Shares in FTSE 100 paper and packaging producer DS Smith (LSE: SMDS) have jumped in value this morning after reports emerged that its blue-chip peer, Mondi (LSE: MNDI), was considering a multi-billion pound offer for the business.
Buying UK shares based on merger rumours is never a good idea. Nine times out of 10, the stories turn out to have no substance. As such, jumping on the bandwagon could lead to significant losses for investors who end up buying at high levels.
Instead of investing based on rumours, I like to look at the long-term potential of businesses. I think high-quality companies will always be attractive investments, whether or not they’re subject of a potential takeover offer or rumour. With that in mind, I’ve been taking a closer look at both of these FTSE 100 UK shares to see whether or not they’re worth buying, based on long-term potential.
FTSE 100 group
One of the main reasons I like these two businesses is that the e-commerce industry is booming. Last year, online transactions jumped to around 40% of the UK retail market. The pandemic was responsible for most of this growth. The online share of the market did drop back when the economy started to reopen. However, it’s remained significantly above pre-pandemic levels.
I think this bodes incredibly well for the future of the paper and packaging industry.
That said, one of the challenges these FTSE 100 companies face is costs. While both organisations produce some of their own materials, such as wood pulp for cardboard packaging, for the most part, they’re reliant on market forces. This means they can’t control the cost of essential commodities used in the manufacturing process. As a result, if material costs rise, profit margins will fall.
What’s more, the paper and packaging market is highly fragmented and commoditised. Anyone can produce cardboard boxes. DS Smith and Mondi are some of the most prominent players in the market, but if a company such as Amazon decided it would take over the sector, there’s nothing these firms could do.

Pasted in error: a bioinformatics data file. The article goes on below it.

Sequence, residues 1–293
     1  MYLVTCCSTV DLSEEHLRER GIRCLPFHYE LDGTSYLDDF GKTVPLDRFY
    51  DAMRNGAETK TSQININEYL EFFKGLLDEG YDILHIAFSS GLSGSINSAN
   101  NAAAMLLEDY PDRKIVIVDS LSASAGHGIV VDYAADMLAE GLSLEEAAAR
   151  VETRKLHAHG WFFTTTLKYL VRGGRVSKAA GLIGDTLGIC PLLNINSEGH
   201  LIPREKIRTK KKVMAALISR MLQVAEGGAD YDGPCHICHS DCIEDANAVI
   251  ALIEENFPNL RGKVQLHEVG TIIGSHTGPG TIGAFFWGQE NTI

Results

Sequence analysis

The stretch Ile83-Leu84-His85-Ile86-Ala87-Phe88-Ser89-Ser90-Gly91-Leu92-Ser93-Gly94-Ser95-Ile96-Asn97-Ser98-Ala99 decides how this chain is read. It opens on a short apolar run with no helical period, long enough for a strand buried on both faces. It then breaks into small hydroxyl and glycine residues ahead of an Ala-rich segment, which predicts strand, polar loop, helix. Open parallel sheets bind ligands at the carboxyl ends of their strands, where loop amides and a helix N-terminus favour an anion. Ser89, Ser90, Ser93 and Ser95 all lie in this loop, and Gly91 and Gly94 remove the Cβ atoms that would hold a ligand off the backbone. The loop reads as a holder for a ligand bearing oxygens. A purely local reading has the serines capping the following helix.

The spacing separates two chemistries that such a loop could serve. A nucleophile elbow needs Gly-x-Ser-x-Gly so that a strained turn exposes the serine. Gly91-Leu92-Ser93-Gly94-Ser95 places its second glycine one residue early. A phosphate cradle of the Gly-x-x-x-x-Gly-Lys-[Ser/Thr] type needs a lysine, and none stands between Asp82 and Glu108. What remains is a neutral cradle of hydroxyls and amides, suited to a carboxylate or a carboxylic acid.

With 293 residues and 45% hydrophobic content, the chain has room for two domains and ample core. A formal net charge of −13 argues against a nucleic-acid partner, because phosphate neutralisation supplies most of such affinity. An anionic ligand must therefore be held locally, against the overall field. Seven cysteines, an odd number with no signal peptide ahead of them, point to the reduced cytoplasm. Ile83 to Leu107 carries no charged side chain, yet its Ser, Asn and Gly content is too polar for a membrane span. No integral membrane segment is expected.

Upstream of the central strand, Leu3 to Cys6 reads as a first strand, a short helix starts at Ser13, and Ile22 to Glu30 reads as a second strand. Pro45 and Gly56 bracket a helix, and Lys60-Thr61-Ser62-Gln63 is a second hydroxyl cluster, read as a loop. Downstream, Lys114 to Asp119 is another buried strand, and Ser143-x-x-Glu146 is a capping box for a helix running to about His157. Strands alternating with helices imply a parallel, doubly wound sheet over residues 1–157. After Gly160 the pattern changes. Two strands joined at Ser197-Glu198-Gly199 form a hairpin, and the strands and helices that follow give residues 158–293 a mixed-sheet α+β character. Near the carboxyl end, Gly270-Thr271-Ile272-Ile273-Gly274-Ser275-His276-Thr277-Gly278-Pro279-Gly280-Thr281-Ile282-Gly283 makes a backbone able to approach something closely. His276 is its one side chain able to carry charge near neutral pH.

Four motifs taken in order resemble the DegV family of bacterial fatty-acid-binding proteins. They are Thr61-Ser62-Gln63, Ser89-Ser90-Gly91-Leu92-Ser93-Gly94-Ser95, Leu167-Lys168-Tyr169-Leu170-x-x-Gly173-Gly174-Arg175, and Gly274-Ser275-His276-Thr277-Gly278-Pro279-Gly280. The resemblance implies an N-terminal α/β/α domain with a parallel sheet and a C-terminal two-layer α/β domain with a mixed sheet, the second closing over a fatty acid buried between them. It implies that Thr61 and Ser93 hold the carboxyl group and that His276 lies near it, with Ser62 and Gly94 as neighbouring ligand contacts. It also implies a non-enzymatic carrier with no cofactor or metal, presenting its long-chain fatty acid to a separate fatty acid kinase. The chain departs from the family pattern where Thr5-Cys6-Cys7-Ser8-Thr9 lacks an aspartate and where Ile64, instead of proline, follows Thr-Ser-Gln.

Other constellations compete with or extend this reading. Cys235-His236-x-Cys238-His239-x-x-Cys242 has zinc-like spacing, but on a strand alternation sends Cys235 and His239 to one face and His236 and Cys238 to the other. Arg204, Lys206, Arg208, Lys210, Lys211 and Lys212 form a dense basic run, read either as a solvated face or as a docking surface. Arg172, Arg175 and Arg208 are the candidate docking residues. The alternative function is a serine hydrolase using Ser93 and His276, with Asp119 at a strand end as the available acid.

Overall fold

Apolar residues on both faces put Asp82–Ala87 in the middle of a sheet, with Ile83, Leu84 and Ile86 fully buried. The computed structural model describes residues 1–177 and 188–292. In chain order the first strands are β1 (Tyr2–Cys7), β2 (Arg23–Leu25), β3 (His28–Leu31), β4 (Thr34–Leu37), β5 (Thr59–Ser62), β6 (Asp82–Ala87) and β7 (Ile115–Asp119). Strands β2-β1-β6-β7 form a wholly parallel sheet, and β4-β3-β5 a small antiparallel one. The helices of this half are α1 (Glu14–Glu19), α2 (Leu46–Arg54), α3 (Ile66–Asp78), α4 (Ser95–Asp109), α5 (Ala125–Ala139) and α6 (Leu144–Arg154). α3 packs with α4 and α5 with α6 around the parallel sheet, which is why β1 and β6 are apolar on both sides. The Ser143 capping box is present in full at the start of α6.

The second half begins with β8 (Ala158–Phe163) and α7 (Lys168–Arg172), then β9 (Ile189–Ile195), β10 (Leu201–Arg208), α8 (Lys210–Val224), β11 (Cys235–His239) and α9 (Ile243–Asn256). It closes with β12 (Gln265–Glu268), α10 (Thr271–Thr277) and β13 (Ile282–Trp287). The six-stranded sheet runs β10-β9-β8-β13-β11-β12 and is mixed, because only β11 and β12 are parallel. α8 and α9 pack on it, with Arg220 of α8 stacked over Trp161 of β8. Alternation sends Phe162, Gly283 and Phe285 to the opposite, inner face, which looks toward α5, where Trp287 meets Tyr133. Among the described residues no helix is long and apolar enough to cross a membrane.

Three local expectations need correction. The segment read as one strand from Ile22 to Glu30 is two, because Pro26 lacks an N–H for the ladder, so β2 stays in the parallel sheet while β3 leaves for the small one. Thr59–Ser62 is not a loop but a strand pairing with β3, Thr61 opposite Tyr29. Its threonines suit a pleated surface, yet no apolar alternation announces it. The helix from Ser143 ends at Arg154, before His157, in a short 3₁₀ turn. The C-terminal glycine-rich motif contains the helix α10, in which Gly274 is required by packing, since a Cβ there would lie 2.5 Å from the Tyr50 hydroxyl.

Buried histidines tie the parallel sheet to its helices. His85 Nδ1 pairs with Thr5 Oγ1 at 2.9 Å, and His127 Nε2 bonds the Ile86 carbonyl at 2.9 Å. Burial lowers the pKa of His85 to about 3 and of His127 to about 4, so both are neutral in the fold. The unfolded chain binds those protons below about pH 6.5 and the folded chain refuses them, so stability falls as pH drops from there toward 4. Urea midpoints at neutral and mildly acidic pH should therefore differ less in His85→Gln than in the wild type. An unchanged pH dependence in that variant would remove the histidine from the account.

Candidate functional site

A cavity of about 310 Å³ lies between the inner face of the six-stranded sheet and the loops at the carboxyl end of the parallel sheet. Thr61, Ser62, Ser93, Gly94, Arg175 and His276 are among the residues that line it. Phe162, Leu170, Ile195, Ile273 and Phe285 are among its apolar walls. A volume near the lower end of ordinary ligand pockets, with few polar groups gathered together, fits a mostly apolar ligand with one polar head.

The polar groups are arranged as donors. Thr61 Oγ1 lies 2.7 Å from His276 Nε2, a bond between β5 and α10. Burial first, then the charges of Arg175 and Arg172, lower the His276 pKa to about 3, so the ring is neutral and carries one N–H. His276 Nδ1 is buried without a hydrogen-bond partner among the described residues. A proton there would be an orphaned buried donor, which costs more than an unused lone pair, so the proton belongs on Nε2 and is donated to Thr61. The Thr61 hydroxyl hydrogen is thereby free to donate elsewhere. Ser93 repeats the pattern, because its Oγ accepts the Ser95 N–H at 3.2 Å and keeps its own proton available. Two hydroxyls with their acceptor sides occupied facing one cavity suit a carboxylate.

Therefore, these FTSE 100 firms face significant risks. An amalgamation would get rid of some of these issues. Based on current market values, the enlarged group could be worth as much as £14bn. That would give it significant economies of scale and clout with suppliers.
Nevertheless, as noted above, buying a stock on merger rumours alone is never a good idea.
Mondi has noted it foresees price rises for its paper and packaging products due to increased demand. I think this shows the company’s potential to grow as the e-commerce market booms.
With that in mind, I’d buy this FTSE 100 stock today as part of a diversified basket of UK shares, although I’d avoid its smaller peer DS Smith. I think Mondi’s size should help it mitigate some of the risks outlined above.
Don’t miss our special stock presentation.
It contains details of a UK-listed company our Motley Fool UK analysts are extremely enthusiastic about.
They think it’s offering an incredible opportunity to grow your wealth over the long term – at its current price – regardless of what happens in the wider market.
That’s why they’re referring to it as the FTSE’s ‘double agent’.
Because they believe it’s working both with the market… And against it.
To find out why we think you should add it to your portfolio today…
Rupert Hargreaves owns no share mentioned. John Mackey, CEO of Whole Foods Market, an Amazon subsidiary, is a member of The Motley Fool’s board of directors. The Motley Fool UK owns shares of and has recommended Amazon. The Motley Fool UK has recommended DS Smith and recommends the following options: long January 2022 $1920 calls on Amazon and short January 2022 $1940 calls on Amazon. Views expressed on the companies mentioned in this article are those of the writer and therefore may differ from the official recommendations we make in our subscription services such as Share Advisor, Hidden Winners and Pro. Here at The Motley Fool we believe that considering a diverse range of insights makes us better investors.